The tart shell requires a bit of time and effort but once you practise this once, you’ll get the hang of it. I got the shortcrust pastry recipe from my TV baking guru Rachel Allen and can seriously say that this is one of the best and simplest methods of making shortcrust pastry.
The rolling of the dough between two sheets of cling film not only ensures that you don’t spoil the consistency of the pastry by adding more flour, but also ensures a hygienic process that involves minimal handling by hand and contact with countertops. I use Rachel Allen’s method for all my tart shells, swapping salt for sugar for the sweet tarts and I’ve never been let down. I’m not messing with perfection.
So here’s my concept dish for you to try. I hope you like it.
Ingredients (serves 6)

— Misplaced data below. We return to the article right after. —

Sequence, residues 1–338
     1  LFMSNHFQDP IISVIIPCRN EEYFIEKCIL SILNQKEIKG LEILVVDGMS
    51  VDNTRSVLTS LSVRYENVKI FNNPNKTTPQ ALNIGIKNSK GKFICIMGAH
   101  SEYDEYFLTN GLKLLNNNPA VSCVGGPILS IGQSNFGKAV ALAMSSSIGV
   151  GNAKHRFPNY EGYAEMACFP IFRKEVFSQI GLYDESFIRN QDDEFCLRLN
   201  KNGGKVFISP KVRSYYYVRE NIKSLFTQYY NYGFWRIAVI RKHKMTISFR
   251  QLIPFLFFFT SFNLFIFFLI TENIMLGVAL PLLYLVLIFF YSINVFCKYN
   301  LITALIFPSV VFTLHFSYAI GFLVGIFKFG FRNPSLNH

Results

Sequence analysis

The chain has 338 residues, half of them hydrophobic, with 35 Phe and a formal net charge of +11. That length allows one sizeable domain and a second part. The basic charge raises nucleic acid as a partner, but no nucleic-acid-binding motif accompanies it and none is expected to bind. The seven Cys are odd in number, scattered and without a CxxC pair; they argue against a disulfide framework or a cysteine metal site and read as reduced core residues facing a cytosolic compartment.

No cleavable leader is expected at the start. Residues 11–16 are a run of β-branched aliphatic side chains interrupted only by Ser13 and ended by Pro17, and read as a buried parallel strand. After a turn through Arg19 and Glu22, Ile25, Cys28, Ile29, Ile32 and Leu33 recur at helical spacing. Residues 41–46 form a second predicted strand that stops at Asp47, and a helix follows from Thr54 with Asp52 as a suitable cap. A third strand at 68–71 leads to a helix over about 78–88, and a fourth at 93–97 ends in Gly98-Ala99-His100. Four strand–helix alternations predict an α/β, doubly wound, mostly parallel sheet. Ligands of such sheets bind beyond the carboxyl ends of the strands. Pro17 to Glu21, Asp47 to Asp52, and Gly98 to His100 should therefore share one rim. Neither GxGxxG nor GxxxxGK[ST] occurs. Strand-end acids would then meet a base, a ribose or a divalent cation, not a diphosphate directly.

For the shortcrust pastry
200 gms flour
100 gms chilled butter cut in 1 cm cubes
1 tsp salt
1 large egg
Equipment: nine-inch diameter tart case with removable bottom
For the filling
350 gms onions chopped into 1/2 cm cubes
2 tbsp olive oil
(Sweet potato mash)
500 gms sweet potato (shakarkandi) boiled and peeled
1 heaped tsp salt
1 tsp grated nutmeg (Jaiphal)
6 pods of roasted garlic*
150 gms grated cheddar cheese
Six fat pods of garlic (can roast a whole bulb of garlic too and use the rest later)
1 tsp olive oil
Shortcrust pastry (pictorial steps at the end of the post)
- Add the salt to the flour.
- If you’re using your hands, rub the chilled butter into the flour and salt with your fingers till the mixture looks like breadcrumbs.
- Whisk the egg in a small bowl and add to the mixture and mix till it just comes together and loses the dry flour look. Don’t knead into a firm dough.
- If using a food processor, add the butter to the flour and salt mixture and whizz till it looks like breadcrumbs. Then add the egg and whizz till it comes together.